First, you’ll have to open Alfred’s preferences. I do this by hitting
⌘ + Space (which I’ve hot-wired to replace the built-in Spotlight Search). Navigate to Features in the left sidebar and click Snippets halfway down the menu.
In this window, you can set a variety of settings before creating your first snippet.
* Viewer Hotkey: Here, you set the keyboard shortcut for Alfred to show all your text snippets in a long list. I have mine set to
⌃ + ⌥ + ⌘ + J.
* Snippet Keyword: Sort of the same as the Viewer Hotkey, you can hit
⌘ + Space to bring up Alfred’s query field and type “snip” to bring up the same window as the Viewer Hotkey. The Viewer Hotkey takes you straight there while the Snippet Keyword is one extra step.
* Automatically expand snippets by keyword: Make sure this box is checked to ensure your text snippets work.
At the bottom of the window, you’ll find a box on the left showing all your collections and a box on the right that stores all the snippets for that collection.
The Default Collection is likely where you’ll keep all your custom snippets, but it’s cool to know you can separate like-snippets if you need to. You can also click Get Collections to download some frequently used snippets from the web. I’ve installed currency snippets and Mac-specific snippets to expand fun symbols like ⌘, ⌥ and ⌃.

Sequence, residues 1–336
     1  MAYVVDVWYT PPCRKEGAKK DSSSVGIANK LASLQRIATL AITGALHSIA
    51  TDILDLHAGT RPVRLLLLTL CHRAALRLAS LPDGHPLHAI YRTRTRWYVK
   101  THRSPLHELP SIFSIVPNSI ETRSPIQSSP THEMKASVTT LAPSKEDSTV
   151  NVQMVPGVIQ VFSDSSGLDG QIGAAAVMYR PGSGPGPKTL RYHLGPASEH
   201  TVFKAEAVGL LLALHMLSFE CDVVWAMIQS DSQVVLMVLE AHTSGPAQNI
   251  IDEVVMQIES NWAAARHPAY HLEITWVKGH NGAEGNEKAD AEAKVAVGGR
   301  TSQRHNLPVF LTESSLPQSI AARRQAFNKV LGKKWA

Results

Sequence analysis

You can double-click the collection in the right box to set a specific prefix for all the snippets in the collection. So if one collection uses
!! and another uses
::, you can set the prefix once rather than individually for all the snippets in the collection.
To create a new snippet, click the + button on the bottom of the right box. Up pops a dialog box which you can name, create a snippet, change the snippet’s collection, change some settings for the snippet, and input the text to expand when the snippet is triggered.
A few tips for creating a new snippet:
- Have the snippet start with some form of punctuation you don’t normally type — If you prefix a snippet with common punctuation or common letters, you may inadvertently trigger the snippet when you don’t want to. Use double punctuation prefixes for extra clarity. I use the forward slash key myself, as I never use forward slash in my working day. Each person’s preferences will vary here.